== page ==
Reflections of a Paduan
Feast of St. Anthony of Padua
What MOVES you? What drives you to do something? In a word, IMPETUS! There could be something or someone that or who moves us to do something. There was this coffee advertisement in the Philippines from way back when which carried this striking question as a slogan: "Para kanino ka gumigising sa umaga?" or "For whom do you wake up each day?" And English term could best describe it in one word which we seldom use, "IMPETUS!"
Today, we offer this Mass in honor of St. Anthony, our Patron in this parish. Question is, how strong is St. Anthony as an impetus, as a driving force to move us to love God and neighbor even more. More than an impetus, has he ever been an inspiration to our lives? How much do we know about St. Anthony? By knowing, I mean beyond his name and the title attached to him as a Saint?
Let me highlight 3 principal virtues of St. Anthony worthy of emulation, which I believe, this community needs to value as an example:
FIRST, Humility “humus” – organic substance in soil that fertilizes the earth. Saint Anthony’s deep humility, the foundation of all other virtues, was perhaps the first virtue, which manifested itself most shortly after he had joined the Franciscan Order. Anthony said nothing of his academic accomplishments. Concealed and hidden away like a gem in the earth, he spent his time in prayer, meditation, and the conquest of self. It is said that in a solemn Mass, where Bishops and priests were present, caught without a preacher, they asked St. Anthony to preach at Mass impromptu. With all humility and obedience he accepted the invitation. As they hear him speak, they were not only moved by his very words but were impelled by the message of the Gospel.
Jean Rigauld, OFM, in his “Life of St. Anthony” describes the humility of the saint:
"Humility, the guardian and the perfection of every virtue, so completely possessed the Man of God that even among the Friars Minor he wished to appear the most contemptible, the vilest and the lowest of all … But humility is proved by humble actions; and no one should account himself humble who tries to avoid humble employments. Therefore, Blessed Anthony as the humblest of men sought out the humblest occupations."
SECOND, Love of Solitude. In the solitude of the forests and the silence of the rocks, he fortified his soul against temptations, communed with God and found peace of heart and soul. Isn't this description very similar to what Jesus, Hi Master, went though in His desert experience and temptation? Indeed, St. Anthony followed in the very footsteps of his Master.
The great Saint devoted most of his time in a cave, a hermitage in Monte Paolo to reflect and seek for guidance. Today's people seem to neglect the importance of solitude even silence. At some point, we need to pause and spend sometime reflecting and work out ways to have a better future -- a future that's attuned to God's almighty will.
THIRD, The Spirit and Practice of Poverty. Being a true follower of St. Francis of Assisi, Anthony grounded his life in the spirit of poverty by constantly looking for the truth, which seeks only what is essential to Christian life in charity and love. Just like Francis, Anthony came from a wealthy family but gave up wealth for God.
When preaching to the Friars, and to the people also, on poverty, he frequently repeated these words of the Gospel: "The foxes have holes and the birds of the air nests, but the Son of Man hath no where to lay His head." Therefore he took nothing with him when traveling, but delighting in poverty, he traversed countries and provinces relying on divine providence. He was not ignorant of the truth that the Lord "hears the prayer of the poor," that He promised to the poor in spirit the Kingdom of Heaven.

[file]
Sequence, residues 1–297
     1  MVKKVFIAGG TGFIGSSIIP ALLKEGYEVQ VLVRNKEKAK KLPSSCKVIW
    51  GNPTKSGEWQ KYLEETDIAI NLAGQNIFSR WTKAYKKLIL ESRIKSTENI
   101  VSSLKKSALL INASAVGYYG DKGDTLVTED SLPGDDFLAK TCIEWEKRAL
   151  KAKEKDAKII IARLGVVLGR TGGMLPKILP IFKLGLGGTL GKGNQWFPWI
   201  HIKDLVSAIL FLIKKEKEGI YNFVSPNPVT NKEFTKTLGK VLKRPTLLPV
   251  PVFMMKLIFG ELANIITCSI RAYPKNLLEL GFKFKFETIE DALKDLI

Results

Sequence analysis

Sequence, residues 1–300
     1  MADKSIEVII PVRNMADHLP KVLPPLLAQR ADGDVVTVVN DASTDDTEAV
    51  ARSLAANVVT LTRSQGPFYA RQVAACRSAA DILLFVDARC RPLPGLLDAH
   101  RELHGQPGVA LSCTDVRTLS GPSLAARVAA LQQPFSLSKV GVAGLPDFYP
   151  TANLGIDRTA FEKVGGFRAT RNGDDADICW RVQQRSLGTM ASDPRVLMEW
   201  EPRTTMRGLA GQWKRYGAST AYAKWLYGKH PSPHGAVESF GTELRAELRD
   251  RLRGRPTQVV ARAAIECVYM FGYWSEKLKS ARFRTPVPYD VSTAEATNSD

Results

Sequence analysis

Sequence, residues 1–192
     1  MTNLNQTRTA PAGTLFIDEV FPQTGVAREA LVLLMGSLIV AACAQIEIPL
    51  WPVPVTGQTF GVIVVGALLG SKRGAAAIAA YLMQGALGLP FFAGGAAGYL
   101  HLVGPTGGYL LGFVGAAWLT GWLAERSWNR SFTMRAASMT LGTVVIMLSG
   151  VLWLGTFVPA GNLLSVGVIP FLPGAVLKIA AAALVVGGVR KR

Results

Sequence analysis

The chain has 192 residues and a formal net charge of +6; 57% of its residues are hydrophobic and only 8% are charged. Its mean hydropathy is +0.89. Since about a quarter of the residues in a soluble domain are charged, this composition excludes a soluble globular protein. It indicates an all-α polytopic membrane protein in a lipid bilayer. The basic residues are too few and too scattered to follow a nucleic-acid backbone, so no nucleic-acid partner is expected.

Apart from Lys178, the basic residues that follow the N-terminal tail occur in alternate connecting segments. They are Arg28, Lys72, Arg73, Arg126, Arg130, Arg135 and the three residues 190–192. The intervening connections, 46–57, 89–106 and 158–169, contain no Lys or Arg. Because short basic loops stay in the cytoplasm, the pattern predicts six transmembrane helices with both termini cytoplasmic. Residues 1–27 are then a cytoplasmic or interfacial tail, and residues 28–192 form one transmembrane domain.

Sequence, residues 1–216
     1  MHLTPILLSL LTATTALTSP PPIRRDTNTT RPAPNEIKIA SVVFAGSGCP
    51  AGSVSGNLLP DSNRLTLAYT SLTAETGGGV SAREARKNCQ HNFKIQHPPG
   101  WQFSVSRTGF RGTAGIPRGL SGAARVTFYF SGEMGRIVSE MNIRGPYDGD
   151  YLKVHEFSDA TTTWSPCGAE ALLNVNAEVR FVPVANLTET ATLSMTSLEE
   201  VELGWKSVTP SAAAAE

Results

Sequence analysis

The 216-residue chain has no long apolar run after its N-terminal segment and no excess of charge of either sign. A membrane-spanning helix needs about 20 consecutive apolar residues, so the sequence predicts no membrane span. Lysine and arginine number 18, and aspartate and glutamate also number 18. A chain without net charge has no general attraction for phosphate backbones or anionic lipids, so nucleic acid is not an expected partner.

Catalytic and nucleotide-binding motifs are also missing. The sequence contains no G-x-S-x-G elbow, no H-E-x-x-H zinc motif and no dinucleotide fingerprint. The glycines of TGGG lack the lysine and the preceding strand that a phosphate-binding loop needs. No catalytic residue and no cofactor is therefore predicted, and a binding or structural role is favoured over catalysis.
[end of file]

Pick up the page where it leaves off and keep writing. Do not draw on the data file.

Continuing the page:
In one Sunday Pontifical Mass while my fellow seminarian and myself were fixing the bishop’s vestments back in his briefcase, the pastor of the parish handed me a sealed envelope, which according to him has one thousand pesos in it. When we got back to the Bishop’s House, we the bishop called us and handed us two different envelopes. Quickly, we went to my room to compare notes who has the biggest stipend (as we usually do). To our surprise we found 400 hundred pesos in each of our envelopes which leave my former bishop with only 200 pesos!
The experience I just narrated would always pop up in my mind whenever I think about poverty. It reminds me that poverty is not exactly giving up everything to the point of being literally poor. To live in poverty is to give up something especially those things that could lead us apart from God. It is to detach ourselves from things that keep us away from being loving and generous to other people.
Let St. Anthony of Padua's virtues move us to become the person God calls us to be: humble - who recognizes that without God all our endeavors are futile; solitary - who finds meaning in one's solitude and touches one's heart by humiliating one's "ego" in prayer and reflection; and poor - in spirit, but rich in the very love of God, who moves us in a very mysterious but wonderful ways!
St. Anthony of Padua, pray for us!
A note on the giving of “St. Anthony’s Bread.” It has also meant the giving of alms to the church out of gratitude for St. Anthony’s intercession, a practice going back many hundreds of years and continuing to this day. In turn, the church distributes the “St. Anthony’s Bread” in a manner that will benefit those in most need as well as to help support this “house of peace” where miracles happen each day. This is our role to continue to embrace every day with faithful hearts, attending to the needs of the people in our midst who rely on us for sustenance for their hunger and for spiritual guidance.